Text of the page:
How to do the Paper Weaving Creativity Workout

This is an excerpt from my book, The Artist Within, A Guide to Becoming Creatively Fit by Whitney Ferre’

Chapter 11                                                         Paper Weaving

Getting back the WOW!

Design Principle:  Contrast

Do not fear mistakes—there are none.  –Miles Davis

I have created this project hundreds of times, with all ages.  My latest epiphany during a Paper Weaving Workout was that it is all about contrast.  The contrast is the “WOW!”  It is what makes it fun.  When you bring the element of contrast into your life, you are not taking away from an element in your life, you are complimenting it. Your artist within wants you to appreciate your work by making sure you have time to play.    It wants your time relaxing to contrast your intense, stressful moments.  Your artist within would argue that you can’t have one without the other.  Without contrast your life would be wallpaper, the same elements repeating themselves over and over again with no variation or break in routine.  The masterpiece you are painting, the masterpiece that is your life, is not wallpaper.  It has light areas and dark areas, color and shadow, big things and small details.  Without the contrast it would not hold the viewers’ attention.  It would pass in and out of their field of vision without causing even a ripple of interest.  It is easy to make sure that your life’s canvas catches the eye, holds one’s attention and stimulates new thoughts or ideas, feelings and emotions.  Simply add some contrast.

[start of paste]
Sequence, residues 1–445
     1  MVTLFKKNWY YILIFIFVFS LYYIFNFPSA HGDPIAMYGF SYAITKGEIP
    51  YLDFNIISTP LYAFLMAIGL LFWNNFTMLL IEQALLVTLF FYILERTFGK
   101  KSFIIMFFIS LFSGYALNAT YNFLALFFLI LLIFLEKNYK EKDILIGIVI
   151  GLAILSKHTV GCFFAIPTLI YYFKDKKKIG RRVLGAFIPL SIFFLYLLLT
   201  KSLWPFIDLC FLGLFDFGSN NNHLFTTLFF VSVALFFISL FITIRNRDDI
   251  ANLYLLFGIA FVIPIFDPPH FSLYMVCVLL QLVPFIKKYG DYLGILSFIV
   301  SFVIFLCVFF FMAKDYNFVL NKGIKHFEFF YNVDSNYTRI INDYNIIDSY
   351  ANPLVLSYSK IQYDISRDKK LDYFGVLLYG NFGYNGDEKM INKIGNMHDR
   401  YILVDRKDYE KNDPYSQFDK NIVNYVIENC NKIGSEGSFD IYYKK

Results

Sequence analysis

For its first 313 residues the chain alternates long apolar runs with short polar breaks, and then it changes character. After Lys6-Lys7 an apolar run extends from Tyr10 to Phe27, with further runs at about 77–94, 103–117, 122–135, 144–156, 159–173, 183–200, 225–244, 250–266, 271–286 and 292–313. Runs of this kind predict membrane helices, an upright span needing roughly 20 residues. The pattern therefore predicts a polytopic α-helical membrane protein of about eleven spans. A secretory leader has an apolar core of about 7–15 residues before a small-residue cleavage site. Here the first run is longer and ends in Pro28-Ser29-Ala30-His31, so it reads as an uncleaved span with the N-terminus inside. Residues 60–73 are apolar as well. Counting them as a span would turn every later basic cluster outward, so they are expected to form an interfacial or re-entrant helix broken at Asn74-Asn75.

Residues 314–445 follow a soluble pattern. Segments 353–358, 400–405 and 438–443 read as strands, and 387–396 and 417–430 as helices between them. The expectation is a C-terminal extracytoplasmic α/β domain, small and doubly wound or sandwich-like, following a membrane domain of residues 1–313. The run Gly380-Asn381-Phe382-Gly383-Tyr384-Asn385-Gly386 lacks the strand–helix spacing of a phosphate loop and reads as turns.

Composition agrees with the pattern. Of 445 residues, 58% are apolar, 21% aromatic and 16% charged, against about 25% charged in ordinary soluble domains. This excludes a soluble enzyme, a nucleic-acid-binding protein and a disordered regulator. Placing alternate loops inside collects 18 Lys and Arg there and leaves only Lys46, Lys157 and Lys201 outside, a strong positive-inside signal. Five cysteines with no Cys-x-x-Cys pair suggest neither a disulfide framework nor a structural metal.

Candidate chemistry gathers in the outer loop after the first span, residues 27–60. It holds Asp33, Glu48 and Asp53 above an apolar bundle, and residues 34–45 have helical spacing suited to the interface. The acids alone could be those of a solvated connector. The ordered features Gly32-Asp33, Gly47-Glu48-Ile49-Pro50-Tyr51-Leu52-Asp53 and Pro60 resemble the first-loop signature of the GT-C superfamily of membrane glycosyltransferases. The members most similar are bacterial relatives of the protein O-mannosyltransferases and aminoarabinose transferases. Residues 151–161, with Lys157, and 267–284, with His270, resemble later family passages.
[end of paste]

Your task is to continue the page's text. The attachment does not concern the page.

I have led toddlers and corporate groups through this paper weaving exercise.  In both cases, before the papers are cut into strips and woven together, they are standard fare.  The toddlers’ scribbles are familiar and the corporate adults make jokes about their lack of artistic ability.  But when those papers are cut into strips and woven together, they become FABULOUS!  Toddlers’ weavings are framed and given as gifts and the corporate group huddles around and plans where their masterpiece is going to hang back at headquarters.  Something almost magical has happened.  We have taken two ordinary things (scribbled-on paper) and turned into something extraordinary.  Why is that?